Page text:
Are you new to the special needs community?
Either way, if you are or if you aren’t, it’s important to be knowledgable. Our community is vast and ever growing. Whether you come across special needs with your student, sibling, cousin, friends brother, or someone who bags your groceries; it’s important to be knowledgable.
Some advise I have is first to look up information on the special need that you are coming into contact with. It can greatly help you in being understanding towards that person and can help improve your patience level as well. Moreover, like I just said, when you do come into contact with someone with special needs you need to be open, understanding, and patient. It’ll take you just a few extra minutes of your life to explain things in a way that they can understand while remaining respectful of them.
Respect is something a lot of people seem to be lacking when they approach someone with special needs. If they are an adult for example, out on their own living their own life, don’t call them cute. They are not children they are not pets, treat them how you would any other adult just with a clearer vernacular.
Also, when communicating with any person with special needs get to an eye to eye level. It’s both respectful and helpful for a basic understanding of one another.
Also, negative behavior needs to not be reinforced. For example: I’ve had a kid that wanted my attention, so he filled his mouth with water and spit it all over me. Just like any other person, bad behaviors get punishments. For him, I scolded him and said “if you aren’t going to be nice then I’m not going to play with you” and went into the other room. Some other things you can do would be to proceed with the activity, if they acted out in order to get out of doing it; or take away a privilege. Locking a child in time out is NOT appropriate however. If you are not sure if something is the correct way of doing it, ask a supervisor or the kids case worker.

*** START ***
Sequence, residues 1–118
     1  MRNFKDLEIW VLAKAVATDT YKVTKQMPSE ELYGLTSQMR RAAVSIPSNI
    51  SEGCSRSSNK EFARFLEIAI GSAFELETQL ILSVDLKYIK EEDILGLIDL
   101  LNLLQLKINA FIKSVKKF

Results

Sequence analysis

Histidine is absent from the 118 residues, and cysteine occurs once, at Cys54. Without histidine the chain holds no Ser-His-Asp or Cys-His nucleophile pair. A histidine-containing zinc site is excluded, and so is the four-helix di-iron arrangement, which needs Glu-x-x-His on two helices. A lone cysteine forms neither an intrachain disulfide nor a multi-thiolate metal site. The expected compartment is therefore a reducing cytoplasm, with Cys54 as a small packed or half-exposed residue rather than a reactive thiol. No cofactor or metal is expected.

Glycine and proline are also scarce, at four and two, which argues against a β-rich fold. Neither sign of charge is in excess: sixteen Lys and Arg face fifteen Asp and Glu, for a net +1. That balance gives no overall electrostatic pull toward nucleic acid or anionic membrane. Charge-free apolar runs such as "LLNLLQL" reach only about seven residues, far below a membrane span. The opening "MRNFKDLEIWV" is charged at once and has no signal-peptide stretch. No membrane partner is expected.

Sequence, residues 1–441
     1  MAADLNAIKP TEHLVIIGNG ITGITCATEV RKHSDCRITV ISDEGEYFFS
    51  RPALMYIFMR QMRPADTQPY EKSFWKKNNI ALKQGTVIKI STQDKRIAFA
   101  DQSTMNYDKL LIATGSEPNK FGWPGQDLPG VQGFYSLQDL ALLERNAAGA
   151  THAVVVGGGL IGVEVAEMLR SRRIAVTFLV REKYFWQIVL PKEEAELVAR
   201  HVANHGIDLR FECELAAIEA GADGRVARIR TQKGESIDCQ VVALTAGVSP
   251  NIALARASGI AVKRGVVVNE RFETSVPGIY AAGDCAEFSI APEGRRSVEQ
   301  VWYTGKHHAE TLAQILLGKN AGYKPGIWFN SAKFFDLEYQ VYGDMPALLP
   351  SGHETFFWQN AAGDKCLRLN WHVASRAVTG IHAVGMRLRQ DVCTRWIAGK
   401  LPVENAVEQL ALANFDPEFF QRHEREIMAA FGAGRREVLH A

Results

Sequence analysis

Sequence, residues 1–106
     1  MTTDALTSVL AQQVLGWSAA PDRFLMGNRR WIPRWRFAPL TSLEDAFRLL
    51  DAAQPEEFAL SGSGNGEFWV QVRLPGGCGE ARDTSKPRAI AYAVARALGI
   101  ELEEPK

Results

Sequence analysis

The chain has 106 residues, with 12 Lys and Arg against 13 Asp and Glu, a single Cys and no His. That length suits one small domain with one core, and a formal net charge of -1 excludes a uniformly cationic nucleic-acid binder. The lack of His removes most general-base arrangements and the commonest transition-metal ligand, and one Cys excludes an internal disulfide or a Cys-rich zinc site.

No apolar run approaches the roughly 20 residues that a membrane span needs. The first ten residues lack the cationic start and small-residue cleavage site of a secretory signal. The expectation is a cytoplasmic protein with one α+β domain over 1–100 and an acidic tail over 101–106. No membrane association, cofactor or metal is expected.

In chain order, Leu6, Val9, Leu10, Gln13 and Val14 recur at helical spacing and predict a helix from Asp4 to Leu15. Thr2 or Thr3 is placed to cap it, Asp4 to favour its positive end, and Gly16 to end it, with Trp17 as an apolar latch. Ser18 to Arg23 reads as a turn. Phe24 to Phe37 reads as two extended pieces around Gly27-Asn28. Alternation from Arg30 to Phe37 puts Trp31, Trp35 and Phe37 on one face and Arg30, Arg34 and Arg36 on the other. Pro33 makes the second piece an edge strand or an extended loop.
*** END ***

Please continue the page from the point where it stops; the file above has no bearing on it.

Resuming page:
In particular, if you are working or teaching someone with special needs it’s important to keep a couple things in mind. For starters, BE PATIENT! Any type of agenda you have needs to be put to rest, you have to base your day to day activities and tasks off of that individual. Just like you and me, we don’t all think or learn the same way.
Also, try and set up a step to step program that leaves room for their success. Like if you’re teaching someone with special needs to bake a cake:
1. First before anyone gets there you need to make sure your supplies is all ready, I would also suggest prepouring out ingredients to make it simple, that is until you learn more about your kids and their capabilities.
2. Then upon your students arrival, you’d inform them of what you will be doing “we’re going to bake a cake today.”
3. Next you need to give them maybe 2-3 step instructions (some may or may not be able to do this) “ok first we want to pour the white cup into the bowl, then pour the blue cup” very simple. Walk around and make sure your being understood. If someone is struggling, stop and help them. Hand over hand works really well, just be sure to explain what you’re doing to them so they have the kinesthetic, visual, and auditory means of learning.
4. Always praise, it’s very encouraging for our kids. Specific praises are nice too. “Good job Becky, I know that was hard at first but you really got it! Good job.”
5. Then move on to the next steps, same system.
6. If you have continuing students in this situation give them an opportunity to be successful. “hello everyone, do we remember what were doing today?” “do we remember what we do after we mix the batter?”
7. Then praise and smile!
Everything gets a lot easier after you learn the finer details to your kids. And it’s so important that you remember those details for when you’re teaching or aiding.
Overall, it is fundamentally important to be understanding and patient. And these things do take time and practice. So also be patient with your self, no ones perfect and most individuals with special needs are incredibly gifted at being patient and understanding with us.